There was a sense of optimism in the air at the Mid-America Trucking Show in Louisville, Kentucky, last week. As truck makers and suppliers made their presentations to the trucking press, many said thanks to solid economic indicators, truck orders are higher than they would have predicted just three to six months ago.
Joe McAleese, chairman of Bendix Commercial Vehicle Systems, showed off a red-yellow-green stoplight type chart highlighting economic statistics, and it was largely green — but there were some yellow and even red items.
“We’ve seen a significant increase in Class 8 demand,” he told reporters. “Three months ago I would have said I’d expect this year to be down 5 or 10% in truck build, but today I’m expecting it to be up 5% over last year. We’ve seen this interesting change in dynamics in a very mixed environment. Overall I think the economy has turned for us in the trucking industry and we’re looking forward to a very good 2017.”
Kenworth, which reported a record Class 8 market share for 2016 of 15.1%, estimates 2017 to be a 190,000- to 220,000-unit market, and says current indications are that it will be on the high side of that.
“We’re seeing more activity,” said Kenworth General Manager Mike Dozier. “If you backed up three to six months, I think there wasn’t quite the level of optimism that there is now.”
Sister Paccar company Peterbilt also predicted the North American Class 8 truck build for 2017 will be somewhere between 190,000 and 220,000 units, with much of that strength coming from the vocational segment. Both Kenworth and Peterbilt noted a strong construction environment is expected to drive sales in that segment, as well as the energy sector being on the cusp of a resurgence.
Mack also reported improved market share and says it’s closing in on its goal of 10% share in Class 8, predicting a market of 215,000 units in 2017 compared to 243,000 in 2016. “All in all not a bad market,” said John Walsh, vice president of marketing.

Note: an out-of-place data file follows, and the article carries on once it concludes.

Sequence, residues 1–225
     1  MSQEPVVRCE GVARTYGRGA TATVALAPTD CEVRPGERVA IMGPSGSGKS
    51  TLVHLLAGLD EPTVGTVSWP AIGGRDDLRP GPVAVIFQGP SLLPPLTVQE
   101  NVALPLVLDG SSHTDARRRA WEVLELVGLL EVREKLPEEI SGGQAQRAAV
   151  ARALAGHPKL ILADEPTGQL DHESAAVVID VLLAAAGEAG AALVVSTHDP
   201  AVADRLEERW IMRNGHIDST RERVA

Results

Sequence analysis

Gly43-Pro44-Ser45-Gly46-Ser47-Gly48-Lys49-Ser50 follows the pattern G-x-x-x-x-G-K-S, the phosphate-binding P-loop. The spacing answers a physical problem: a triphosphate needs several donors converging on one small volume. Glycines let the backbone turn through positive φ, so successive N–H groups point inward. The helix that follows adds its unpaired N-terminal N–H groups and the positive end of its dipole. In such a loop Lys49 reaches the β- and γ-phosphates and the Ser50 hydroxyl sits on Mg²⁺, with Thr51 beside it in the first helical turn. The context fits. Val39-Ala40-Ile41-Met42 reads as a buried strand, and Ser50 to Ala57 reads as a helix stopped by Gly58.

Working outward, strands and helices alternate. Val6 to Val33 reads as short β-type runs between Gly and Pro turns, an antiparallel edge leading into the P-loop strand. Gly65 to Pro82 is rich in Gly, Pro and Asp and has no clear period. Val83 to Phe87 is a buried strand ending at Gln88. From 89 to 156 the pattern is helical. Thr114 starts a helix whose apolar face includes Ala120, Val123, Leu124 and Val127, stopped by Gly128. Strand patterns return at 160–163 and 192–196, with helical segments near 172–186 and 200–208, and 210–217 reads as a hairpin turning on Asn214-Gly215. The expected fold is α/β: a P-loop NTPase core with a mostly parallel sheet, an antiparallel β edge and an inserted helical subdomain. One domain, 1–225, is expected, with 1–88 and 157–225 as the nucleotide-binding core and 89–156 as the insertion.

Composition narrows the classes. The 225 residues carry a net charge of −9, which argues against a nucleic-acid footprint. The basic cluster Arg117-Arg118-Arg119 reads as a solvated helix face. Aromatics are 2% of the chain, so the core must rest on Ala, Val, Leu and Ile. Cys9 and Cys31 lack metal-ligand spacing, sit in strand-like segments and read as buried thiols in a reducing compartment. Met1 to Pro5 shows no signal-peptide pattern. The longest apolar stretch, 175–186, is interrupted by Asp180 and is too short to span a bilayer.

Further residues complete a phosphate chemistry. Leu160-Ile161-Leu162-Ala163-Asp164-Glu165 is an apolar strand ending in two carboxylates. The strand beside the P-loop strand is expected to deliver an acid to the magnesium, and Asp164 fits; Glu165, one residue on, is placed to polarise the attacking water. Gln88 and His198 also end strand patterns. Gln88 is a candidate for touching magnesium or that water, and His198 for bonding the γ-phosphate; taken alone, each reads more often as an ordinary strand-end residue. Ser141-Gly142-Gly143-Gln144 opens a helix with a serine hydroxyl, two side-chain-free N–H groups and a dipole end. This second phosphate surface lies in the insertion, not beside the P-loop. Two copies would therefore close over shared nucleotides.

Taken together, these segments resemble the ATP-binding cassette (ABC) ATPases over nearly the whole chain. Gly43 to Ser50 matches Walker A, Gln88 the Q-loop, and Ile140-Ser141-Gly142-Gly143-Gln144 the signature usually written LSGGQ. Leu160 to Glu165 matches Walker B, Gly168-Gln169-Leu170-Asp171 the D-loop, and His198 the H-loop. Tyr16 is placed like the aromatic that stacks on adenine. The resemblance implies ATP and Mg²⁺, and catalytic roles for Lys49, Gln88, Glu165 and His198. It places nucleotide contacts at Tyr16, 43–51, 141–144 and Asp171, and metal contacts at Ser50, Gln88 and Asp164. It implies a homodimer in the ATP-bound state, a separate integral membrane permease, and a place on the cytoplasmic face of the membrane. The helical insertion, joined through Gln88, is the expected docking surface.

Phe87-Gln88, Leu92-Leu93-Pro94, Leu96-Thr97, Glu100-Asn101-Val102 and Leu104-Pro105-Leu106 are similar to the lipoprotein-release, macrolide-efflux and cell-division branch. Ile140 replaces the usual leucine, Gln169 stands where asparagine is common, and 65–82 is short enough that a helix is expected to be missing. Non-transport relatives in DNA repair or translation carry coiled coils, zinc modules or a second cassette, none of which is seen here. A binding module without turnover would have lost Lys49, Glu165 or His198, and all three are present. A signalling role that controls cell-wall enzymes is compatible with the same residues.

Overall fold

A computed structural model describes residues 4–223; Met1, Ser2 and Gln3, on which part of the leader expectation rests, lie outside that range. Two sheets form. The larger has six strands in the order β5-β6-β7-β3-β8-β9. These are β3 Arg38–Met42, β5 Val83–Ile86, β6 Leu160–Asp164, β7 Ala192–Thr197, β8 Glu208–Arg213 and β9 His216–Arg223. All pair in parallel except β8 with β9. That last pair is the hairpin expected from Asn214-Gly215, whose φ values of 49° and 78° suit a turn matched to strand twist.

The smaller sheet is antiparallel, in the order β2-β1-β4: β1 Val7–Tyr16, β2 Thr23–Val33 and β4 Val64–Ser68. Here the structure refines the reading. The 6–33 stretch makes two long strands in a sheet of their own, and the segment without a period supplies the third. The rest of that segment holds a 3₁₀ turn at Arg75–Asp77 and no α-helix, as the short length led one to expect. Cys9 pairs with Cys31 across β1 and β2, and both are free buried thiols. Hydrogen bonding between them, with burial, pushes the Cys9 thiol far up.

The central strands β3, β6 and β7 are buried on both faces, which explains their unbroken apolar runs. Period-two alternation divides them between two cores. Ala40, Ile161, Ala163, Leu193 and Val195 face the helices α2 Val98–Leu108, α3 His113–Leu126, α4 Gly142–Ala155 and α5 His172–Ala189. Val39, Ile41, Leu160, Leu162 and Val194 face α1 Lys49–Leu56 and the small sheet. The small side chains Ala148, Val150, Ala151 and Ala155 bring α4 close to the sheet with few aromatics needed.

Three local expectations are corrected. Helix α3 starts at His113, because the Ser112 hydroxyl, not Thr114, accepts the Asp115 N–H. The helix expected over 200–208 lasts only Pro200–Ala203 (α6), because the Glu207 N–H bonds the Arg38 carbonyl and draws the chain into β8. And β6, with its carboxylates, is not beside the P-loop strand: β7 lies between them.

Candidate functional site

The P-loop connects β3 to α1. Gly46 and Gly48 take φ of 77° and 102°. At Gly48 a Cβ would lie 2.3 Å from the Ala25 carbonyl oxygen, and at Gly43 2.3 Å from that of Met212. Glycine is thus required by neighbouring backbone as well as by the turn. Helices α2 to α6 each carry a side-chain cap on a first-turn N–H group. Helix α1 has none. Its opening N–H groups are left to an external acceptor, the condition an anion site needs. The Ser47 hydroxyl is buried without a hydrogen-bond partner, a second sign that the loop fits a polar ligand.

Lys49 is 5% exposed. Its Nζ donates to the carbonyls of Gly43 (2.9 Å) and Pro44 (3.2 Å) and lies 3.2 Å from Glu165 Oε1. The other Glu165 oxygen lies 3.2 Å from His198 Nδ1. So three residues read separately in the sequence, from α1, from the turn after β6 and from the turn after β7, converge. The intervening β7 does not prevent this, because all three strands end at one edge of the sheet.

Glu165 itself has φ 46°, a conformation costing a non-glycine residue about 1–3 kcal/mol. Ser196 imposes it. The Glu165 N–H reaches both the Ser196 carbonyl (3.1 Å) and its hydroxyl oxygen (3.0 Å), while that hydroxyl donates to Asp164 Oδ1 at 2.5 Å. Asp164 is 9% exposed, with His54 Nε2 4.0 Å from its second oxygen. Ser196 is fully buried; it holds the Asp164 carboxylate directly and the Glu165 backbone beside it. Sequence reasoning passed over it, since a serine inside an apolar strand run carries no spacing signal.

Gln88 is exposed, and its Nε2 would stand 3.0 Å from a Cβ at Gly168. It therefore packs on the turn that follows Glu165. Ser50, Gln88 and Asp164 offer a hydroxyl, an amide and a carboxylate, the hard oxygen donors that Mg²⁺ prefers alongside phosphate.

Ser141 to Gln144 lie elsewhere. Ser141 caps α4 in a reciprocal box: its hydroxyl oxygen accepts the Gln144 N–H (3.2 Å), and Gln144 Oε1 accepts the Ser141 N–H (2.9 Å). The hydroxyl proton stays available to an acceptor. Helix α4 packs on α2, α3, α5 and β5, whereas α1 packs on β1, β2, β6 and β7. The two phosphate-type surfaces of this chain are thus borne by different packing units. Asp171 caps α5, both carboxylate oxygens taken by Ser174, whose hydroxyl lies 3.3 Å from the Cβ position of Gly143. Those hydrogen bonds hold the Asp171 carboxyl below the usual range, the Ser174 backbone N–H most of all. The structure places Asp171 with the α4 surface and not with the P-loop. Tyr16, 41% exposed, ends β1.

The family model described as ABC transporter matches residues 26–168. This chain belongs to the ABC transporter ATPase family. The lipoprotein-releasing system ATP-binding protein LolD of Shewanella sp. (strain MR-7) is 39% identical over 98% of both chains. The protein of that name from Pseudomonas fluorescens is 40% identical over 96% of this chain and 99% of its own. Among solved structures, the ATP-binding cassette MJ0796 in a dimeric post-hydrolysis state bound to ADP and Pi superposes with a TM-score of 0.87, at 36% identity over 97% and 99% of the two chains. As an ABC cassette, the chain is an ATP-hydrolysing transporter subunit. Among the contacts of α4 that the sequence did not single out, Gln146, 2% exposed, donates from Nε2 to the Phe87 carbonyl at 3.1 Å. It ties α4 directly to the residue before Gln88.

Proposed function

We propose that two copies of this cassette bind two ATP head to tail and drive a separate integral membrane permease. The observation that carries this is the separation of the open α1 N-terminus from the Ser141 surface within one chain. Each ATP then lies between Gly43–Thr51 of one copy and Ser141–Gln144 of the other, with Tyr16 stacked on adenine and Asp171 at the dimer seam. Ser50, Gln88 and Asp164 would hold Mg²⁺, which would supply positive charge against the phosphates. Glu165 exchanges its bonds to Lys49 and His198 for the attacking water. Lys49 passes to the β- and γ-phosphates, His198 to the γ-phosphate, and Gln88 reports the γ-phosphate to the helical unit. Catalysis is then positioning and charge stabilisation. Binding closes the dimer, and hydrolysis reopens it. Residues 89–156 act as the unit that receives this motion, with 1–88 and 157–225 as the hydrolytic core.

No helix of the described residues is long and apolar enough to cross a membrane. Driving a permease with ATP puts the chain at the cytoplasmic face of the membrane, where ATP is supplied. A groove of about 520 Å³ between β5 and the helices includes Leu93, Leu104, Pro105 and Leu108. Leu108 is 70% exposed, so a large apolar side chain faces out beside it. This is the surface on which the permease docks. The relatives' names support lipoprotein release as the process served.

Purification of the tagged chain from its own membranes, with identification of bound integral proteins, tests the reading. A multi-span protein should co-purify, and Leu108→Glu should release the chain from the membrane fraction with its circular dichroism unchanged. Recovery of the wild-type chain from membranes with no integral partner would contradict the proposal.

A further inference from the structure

However, ACT Research's commercial vehicle industry seminar in Columbus, Indiana, held just prior to MATS, left the transportation analysts with investment advisory firm Stifel feeling somewhat cautious.
“Despite the recent improvement in equipment orders the past few months that have caused both us and ACT to increase near-term forecasts,” they said in an email report to investors summarizing the conference, “we left with a bit of an uneasy feeling that there could easily be a mid-year lull in orders, given that the large fleets are not buying much equipment, and given the lack of increases in freight rates that would typically coincide with a period of sustained strength in equipment orders.”
Some of the driving factors behind an increase in orders, according to Stifel’s report from ACT, are:
- Fleets chasing improvements in fuel mileage, with a national average still below 6 mpg, while fleets participating in a North American Council for Freight Efficiency survey are getting 7.5-9 mpg on some new trucks.
- Used truck prices, which have been falling since early 2015, are declining at a slower rate and should show relative stability from here, so fleets may feel more confident they’ll be able to divest of their old equipment.
- Many fleets are expecting some level of productivity loss and therefore tighter capacity from the upcoming mandate to install electronic logging devices come December.